A new caching solution created for speeding up content delivery
was launched at DEMO 2001 in Phoenix, Ariz. Monday.
Billed as the go-to product in FineGround Networks Inc.'s
fledgling arsenal, FineGround Condenser is the end result of a new
technology that enables content and service providers cut down on
costs while granting clients extremely fast content delivery.
Dubbed Condensation technology, FineGround's intent is not to
replace Web caching, but to complement it. True to its name, the
product works by miniaturizing dynamic content in real-time. For
instance, dynamically generated Web pages that are visited
regularly by a user or a group of users typically change only by a
few percent between successive visits.
FineGround Condenser transmits only the changes in the page
between successive visits, which eliminates extra network traffic.
This often results in bandwidth savings of up to 95 percent and
accordingly, an improvement in the end users' online
The software is installed at the content provider between the
content server and the Internet. It is also self-sufficient:
condenser automatically minimizes content without requiring any
changes to the content, content server, or end users' Web
What makes Condenser important?
Nat Kausik, chief executive officer and president of FineGround
Networks, acknowledged that although the Internet generally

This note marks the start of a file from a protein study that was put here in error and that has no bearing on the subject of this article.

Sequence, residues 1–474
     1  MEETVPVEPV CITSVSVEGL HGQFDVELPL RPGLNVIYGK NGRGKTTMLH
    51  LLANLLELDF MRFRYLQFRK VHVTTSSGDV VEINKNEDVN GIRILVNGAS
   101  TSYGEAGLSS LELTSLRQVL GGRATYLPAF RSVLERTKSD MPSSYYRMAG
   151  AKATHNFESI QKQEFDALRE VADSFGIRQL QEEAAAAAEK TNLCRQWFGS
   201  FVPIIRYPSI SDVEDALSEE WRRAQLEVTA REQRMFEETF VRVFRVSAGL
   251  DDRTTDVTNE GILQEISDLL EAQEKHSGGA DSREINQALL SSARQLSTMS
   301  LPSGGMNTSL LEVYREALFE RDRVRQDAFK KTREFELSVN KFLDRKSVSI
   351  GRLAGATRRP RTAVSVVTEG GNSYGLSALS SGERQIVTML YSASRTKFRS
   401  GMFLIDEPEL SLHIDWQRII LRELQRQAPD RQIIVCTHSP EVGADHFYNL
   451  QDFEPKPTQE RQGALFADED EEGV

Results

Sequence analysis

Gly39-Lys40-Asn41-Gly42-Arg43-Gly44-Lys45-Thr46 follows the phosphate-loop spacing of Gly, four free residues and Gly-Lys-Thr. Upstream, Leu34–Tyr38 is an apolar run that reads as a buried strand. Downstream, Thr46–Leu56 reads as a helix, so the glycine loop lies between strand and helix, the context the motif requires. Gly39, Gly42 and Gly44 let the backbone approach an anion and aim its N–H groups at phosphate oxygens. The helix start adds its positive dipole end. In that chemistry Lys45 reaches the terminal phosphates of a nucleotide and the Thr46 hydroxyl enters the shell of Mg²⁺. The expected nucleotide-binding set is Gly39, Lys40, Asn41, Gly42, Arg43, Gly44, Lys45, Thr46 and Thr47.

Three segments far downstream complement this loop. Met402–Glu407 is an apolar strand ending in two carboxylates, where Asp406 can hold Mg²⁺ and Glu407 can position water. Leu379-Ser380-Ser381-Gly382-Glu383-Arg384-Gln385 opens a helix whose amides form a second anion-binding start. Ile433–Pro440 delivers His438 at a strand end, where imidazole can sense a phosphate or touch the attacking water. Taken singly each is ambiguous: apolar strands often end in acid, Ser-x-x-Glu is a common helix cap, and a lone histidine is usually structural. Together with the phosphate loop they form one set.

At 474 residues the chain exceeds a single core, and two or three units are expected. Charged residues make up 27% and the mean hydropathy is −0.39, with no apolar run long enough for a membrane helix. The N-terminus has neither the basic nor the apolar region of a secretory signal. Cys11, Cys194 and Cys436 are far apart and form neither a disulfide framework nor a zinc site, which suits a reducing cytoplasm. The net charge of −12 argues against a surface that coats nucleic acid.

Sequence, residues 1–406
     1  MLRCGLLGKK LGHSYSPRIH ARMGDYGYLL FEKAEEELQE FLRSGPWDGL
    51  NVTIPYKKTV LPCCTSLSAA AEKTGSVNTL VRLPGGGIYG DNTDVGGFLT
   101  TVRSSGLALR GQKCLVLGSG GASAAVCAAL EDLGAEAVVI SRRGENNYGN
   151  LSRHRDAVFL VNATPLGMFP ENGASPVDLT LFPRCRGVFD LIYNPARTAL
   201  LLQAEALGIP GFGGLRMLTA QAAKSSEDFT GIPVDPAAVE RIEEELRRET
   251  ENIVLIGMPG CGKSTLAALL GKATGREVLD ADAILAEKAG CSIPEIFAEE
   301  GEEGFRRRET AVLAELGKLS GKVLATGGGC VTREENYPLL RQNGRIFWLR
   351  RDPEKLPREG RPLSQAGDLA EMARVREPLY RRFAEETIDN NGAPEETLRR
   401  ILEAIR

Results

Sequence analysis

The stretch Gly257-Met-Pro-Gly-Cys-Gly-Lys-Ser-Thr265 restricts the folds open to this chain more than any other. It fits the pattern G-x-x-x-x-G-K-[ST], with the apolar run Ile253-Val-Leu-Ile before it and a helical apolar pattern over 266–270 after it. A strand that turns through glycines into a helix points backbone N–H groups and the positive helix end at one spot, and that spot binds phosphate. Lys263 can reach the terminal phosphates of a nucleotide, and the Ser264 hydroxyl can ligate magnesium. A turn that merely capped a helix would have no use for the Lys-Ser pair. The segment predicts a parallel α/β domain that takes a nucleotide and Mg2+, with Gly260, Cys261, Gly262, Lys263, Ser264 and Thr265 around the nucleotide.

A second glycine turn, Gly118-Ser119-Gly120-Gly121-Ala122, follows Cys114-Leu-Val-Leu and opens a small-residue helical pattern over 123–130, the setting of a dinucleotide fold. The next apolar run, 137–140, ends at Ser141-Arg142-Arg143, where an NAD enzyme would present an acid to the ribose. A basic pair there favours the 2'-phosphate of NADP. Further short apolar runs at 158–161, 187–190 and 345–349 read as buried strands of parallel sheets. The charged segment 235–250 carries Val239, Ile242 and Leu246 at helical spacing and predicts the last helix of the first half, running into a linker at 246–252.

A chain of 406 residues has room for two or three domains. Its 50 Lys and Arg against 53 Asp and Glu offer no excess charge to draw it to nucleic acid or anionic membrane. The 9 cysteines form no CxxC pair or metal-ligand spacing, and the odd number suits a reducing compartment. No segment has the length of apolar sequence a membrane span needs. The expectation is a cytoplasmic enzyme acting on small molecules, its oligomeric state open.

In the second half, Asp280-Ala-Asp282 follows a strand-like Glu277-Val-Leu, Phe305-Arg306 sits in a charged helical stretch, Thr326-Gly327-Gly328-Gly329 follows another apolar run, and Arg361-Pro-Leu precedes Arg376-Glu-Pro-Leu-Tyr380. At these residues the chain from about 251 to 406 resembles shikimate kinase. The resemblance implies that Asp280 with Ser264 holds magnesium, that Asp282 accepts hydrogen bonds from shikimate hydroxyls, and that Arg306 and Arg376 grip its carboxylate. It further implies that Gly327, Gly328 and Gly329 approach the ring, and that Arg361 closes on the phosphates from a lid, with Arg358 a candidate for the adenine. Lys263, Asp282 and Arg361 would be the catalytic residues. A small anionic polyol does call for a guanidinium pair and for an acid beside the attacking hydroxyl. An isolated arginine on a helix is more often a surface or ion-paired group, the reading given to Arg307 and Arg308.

provides a sufficient platform for the intelligent delivery of
static content, it lacks the network intelligence required to
handle dynamically generated content such as e-business
transactions, news and stock quotes that are continuously updated
on a Web site.
"Our mission is to deliver scalable content acceleration
solutions that not only impact the quality of service delivered to
end-users, but also reduce bandwidth costs by an order of magnitude
for our customers," Kausik said.
FineGround's contention is that users will pay the $50,000 (base
price) for the Condenser to scale back bandwidth costs. Targeted to
embracers of the open-source movement, the product is currently
available on Linux platforms.
With Monday's news, FineGround became the latest content
delivery firm to tantalize the industry with a new offering.
A couple of weeks ago, Novell quietly morphed its caching engine
division into a what it hopes will be an all-purpose content
delivery platform, called Volera Inc. The outfit is co-backed by
Accenture and Nortel Networks.
On Monday, Volera lifted the secretive veil from its new
products, the purpose of which sounds very much like Condenser's
goals: Volvera aims to combine caching and content management
services to create a creating a platform that speeds content
Volera, like FineGround, acknowledged that the Internet is
sufficiently suited for low-bandwidth purposes, but that it must be
improved if more advanced technologies -- streaming media,
decentralized Web sites, or broadcast events -- are to thrive.
Those in the CDN space who listen to Volera's investment bank
Morgan Stanley/Dean Witter have reason to be encouraged: the bank
estimates the market for content networking, which includes
caching, content distribution services and switching
infrastructure, will reach $22 billion by 2004.
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